The Bob’s Big Boy that Almost Never Was

As I’ve said before, and as many of you know, I love visiting places that let you feel like you’ve stepped back in time, and one of those places is Bob’s Big Boy Broiler in Downey. But this place wasn’t always a Bob’s Big Boy, and it almost never was…

Bob's, a large, long flat roof building, with a jutting pointed sign reading "Bob's Big Boy Broiler"

It is no secret that Southern California is the heart and soul of custom car culture. One of the watering holes for hot rodders was Harvey’s Broiler, on Firestone Boulevard in Downey, a suburb of Los Angeles, but a place rich in unique California history.

Harvey’s opened in 1958 with husband and wife team Harvey and Minnie Ortner at the helm. Harvey hired local architect Paul B. Clayton to design his dream drive-in, and the result was a prime example of the spectacular Googie mid-century modern architecture that had swept California in the 1950s. When Harvey’s was built, it was the largest drive-in restaurant in Southern California. Minnie worked the front of house, serving as hostess, working the register, and training waitresses who served the supposed 5000 cars that came and went on weekends.

Not ten years after Harvey and Minnie opened their doors, they sold the property to Christos Smyrniotis, a former Harvey’s cook, who renamed it Johnie’s Broiler. He also came up with “Fat Boy” a sailor capped boy holding a cheeseburger who stood atop the roof. Johnnie’s closed its doors in February of 2002 (other sources say New Year’s Eve, 2001), and Smyrniotis leased the land to a used car business. Eventually Smyrniotis expressed a desire to demolish the structure and replace it with retail. However his application was incomplete, and the city wanted more information, especially since the property was eligible for historic landmark status. Then tragedy for car enthusiasts, architecture lovers, and locals alike struck. On a Sunday in January, 2007, bulldozers arrived. Without permits, without fencing around the property, and without even turning off the electricity, the bulldozers began tearing apart the Downey icon. Horrified onlookers called the police, who halted the illegal demolition. The front portion had been shredded, but the iconic “broiler” script sign remained intact. In 2008 Jim Louder, Bob’s Big Boy franchise operator, saw an opportunity and stepped in to save the Broiler. In the background of the photo of me gazing at the menu you can see a framed photograph of the carnage of the partial demolition.

Through the combined efforts of Downey citizens, the Downey City Council, the LA Conservancy, and Bob’s Big Boy, and using original blueprints, the Broiler reopened on October 19, 2009 under the name Bob’s Big Boy. Johnie’s isn’t entirely forgotten, tucked near the back corner of the parking lot sits “Fat Boy” who originally stop atop the roof before the spinning “Big Boy.”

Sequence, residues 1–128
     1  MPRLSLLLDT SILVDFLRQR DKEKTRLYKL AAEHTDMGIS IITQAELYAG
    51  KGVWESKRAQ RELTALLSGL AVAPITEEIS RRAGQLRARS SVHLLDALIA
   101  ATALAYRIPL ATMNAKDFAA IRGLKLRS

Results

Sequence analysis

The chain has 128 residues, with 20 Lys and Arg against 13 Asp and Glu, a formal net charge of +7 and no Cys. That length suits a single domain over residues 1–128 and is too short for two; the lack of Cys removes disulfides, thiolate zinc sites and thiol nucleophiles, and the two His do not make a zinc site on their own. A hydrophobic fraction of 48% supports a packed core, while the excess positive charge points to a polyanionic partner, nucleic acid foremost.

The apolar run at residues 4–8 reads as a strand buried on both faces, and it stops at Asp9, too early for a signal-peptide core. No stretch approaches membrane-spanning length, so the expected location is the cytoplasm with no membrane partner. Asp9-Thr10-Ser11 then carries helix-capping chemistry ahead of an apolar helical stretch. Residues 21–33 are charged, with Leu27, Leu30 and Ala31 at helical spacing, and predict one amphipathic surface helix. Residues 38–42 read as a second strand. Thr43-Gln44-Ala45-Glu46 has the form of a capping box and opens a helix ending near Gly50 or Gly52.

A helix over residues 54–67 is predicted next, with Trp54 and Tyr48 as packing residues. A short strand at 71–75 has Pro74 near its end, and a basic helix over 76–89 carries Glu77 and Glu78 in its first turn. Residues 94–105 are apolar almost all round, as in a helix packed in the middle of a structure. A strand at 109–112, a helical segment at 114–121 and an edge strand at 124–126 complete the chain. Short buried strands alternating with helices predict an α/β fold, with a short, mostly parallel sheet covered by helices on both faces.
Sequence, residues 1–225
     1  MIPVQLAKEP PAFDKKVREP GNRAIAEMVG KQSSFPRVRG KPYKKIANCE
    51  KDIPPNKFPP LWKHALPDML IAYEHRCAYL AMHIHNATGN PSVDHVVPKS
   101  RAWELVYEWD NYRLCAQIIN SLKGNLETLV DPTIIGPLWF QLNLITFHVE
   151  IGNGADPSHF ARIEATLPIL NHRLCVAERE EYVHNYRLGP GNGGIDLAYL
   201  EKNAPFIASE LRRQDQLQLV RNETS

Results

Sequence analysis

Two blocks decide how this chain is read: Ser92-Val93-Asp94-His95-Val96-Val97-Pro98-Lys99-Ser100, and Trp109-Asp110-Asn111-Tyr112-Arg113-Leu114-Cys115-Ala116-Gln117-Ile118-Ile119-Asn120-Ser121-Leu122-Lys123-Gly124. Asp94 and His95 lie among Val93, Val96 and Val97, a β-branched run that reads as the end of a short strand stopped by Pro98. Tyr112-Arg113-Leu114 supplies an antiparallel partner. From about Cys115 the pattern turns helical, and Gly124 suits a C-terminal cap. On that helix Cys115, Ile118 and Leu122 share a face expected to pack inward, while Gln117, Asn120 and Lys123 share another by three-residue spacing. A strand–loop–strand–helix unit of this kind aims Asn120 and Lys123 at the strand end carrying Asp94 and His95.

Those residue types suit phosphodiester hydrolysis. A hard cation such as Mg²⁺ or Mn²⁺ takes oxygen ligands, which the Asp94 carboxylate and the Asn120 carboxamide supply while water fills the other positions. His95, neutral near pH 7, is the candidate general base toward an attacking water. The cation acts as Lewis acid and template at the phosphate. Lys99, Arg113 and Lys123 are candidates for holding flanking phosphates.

A circular sign reading "Bob's Big Boy" in neon.

The massive sign atop the roof reading "Bob's Big Boy Broiler Original Double Deck Hamburger"

Bob's, a large, long flat roof building, with a jutting pointed sign reading "Bob's Big Boy Broiler"

"Coffee Shop" spelled out in blue neon.

Olive green semicircle booths sit against a rock wall.

A Bob's Big Boy statue of a dark haired boy in red and white check overalls holding a burger sits outside the restaurant.

A red sign reading "Bob's Big Boy Drive Thru" with a swirling yellow arrow.

Myself, seated at a booth, under a black and white photo of Johnie's partially destroyed.

A plastic, back lit sign of a cartoonish boy, in a sailor cap and blue and white stripe shirt, holding a large cheeseburger.

Inside, a vintage jukebox rests against white upholstered semicircle booths.

The massive sign atop the roof reading "Bob's Big Boy Broiler Original Double Deck Hamburger"

The drive-in portion, with a butterfly roof to shelter cars. "Drive In" is in blue neon letters atop.

Black and white photos of Bob's employees through the years above white semicircle booths.

"Drive-In" spelled out in blue neon.

Harvey’s/Johnie’s was also a local haunt for my dad, who grew up in at the epicenter of custom car culture, and literally around the corner from Ed “Big Daddy” Roth. During one of my dad’s visits we stopped at Bob’s for lunch, and my dad recalled his evenings cruising the area.

Through its different incarnations, the Broiler has been used for filming, most recently in Mad Men, in season 4’s episode 14, “Tomorrowland.”

Screencap from Mad Men: Don, in grey slacks and jacket, and black shirt, walks into Bob's. A jukebox is near the window, "Drive-In" is visible outside through the window.

Screencap from Mad Men: Don's family sits in an olive colored upholstered semicircle booth, with a rock wall behind them.

Grab a bite at Bob’s Big Boy Broiler in Downey at 7447 Firestone Boulevard.

Sources
Bob’s Big Boy. LA Conservancy. Accessed 6 January 2020.
Dominguez, Alex. “10 years later, remembering the destruction of Johnie’s Broiler.” The Downey Patriot, 10 January 2017. Accessed 6 January 2020.
History. Bob’s Big Boy Broiler. Accessed 6 January 2020.
McLellan, Dennis. “Minnie Ortner, 97; co-founded landmark Harvey’s Broiler.” Los Angeles Times, 5 October 2007. Accessed 6 January 2020.
Plaque on site.
Reitman, Valerie. “Johnie’s Broiler is cooked, to longtime fans’ dismay.” Los Angeles Times, 9 January 2007. Accessed 6 January 2020.

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